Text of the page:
All organisms synthesize amidosugars, such as N-acetylglucosamine (GlcNAc), and deoxysugars, such as fucose. They are found in important polysaccharides and glycoconjugates such as glycoproteins. N-acetylquinovosamine (QuiNAc) is both an amido- and a deoxy-sugar. It is found in many examples of an important prokaryotic glycoconjugate, the lipopolysaccharide (LPS) that coats the surface of Gram-negative bacteria. Like N-glycosylation of glycoproteins, LPS has a portion that is synthesized first on a polyprenyl lipid carrier and then transferred to the rest of the molecule.
QuiNAc is believed to initiate the O-antigen portion of LPS of Rhizobium etli CE3. Genetic studies identified three genes, wreV, wreU and wreQ, required for the initial steps of O-antigen synthesis in R. etli CE3. Based on the predicted roles of the gene products and the theory of polysaccharide biosynthesis, there was a very straightforward prediction of the initial events: WreV catalyzes conversion of UDP-GlcNAc to its 4-keto-6-deoxy derivative, which WreQ reduces to UDP-QuiNAc, followed by transfer of QuiNAc-1-phosphate to the lipid carrier by WreU. However, the LPS structure of R. etli wreQ mutants was also consistent with a second, novel possibility.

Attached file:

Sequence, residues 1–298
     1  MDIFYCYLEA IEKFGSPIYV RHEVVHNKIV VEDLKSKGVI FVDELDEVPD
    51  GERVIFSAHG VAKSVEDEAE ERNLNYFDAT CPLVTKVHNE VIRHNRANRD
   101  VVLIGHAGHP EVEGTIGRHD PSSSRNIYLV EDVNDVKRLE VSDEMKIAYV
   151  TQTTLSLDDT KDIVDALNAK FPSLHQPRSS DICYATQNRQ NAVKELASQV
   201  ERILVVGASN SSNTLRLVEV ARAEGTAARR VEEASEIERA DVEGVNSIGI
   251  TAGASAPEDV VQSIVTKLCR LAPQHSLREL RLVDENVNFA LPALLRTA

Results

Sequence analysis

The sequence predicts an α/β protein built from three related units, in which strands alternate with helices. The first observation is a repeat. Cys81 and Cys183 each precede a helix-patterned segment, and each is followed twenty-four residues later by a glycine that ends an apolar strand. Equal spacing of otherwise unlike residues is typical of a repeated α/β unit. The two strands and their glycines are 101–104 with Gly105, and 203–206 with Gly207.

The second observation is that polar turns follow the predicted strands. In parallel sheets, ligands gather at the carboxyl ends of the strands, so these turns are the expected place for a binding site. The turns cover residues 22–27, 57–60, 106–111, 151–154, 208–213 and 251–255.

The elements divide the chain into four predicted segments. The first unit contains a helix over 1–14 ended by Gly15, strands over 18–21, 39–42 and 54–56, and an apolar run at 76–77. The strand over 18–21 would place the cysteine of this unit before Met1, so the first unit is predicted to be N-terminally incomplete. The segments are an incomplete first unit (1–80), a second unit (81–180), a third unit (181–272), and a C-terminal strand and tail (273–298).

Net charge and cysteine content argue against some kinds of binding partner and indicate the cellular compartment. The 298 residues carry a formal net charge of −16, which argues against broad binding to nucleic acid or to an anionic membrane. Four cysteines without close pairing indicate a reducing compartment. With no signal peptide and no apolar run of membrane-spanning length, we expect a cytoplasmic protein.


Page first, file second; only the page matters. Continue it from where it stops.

These two hypotheses were tested by developing assays in vitro for each of the predicted enzymes. Two key findings were 1) that WreU catalysis is 30-fold faster with the 4-keto intermediate as substrate than with UDP-QuiNAc, and 2) WreQ catalyzes the reduction the 4-keto sugar to QuiNAc orders of magnitude faster when it is linked to lipid rather than to UDP.
The results strongly support the second hypothesis, outlined as follows: After 4,6-dehydration of UDP-GlcNAc, the 4-keto-6-deoxysugar-1-phosphate moiety is transferred to the lipid carrier, thereby providing the sugar stem for the rest of O-antigen synthesis. Only then is the 4-keto sugar reduced to QuiNAc. The order of enzyme reactions suggests an interesting chemical coordination between the initiation of the O antigen and QuiNAc synthesis. It also includes the unorthodox completion of deoxysugar synthesis on a lipid carrier. Because the presence of QuiNAc and WreQ homologs are highly correlated in bacterial species, this may be the normal mechanism by which QuiNAc becomes part of bacterial polysaccharides
|Commitee:||Hristova, Krassimira, St. Maurice, Martin, Stuart, Rosemary, Yang, Pinfen|
|School Location:||United States -- Wisconsin|
|Source:||DAI-B 76/01(E), Dissertation Abstracts International|
|Subjects:||Molecular biology, Microbiology, Biochemistry|
|Keywords:||Glycobiology, Initiating glycosyltransferase, O-antigen, Quinac, Reductase, Rhizobium etli|
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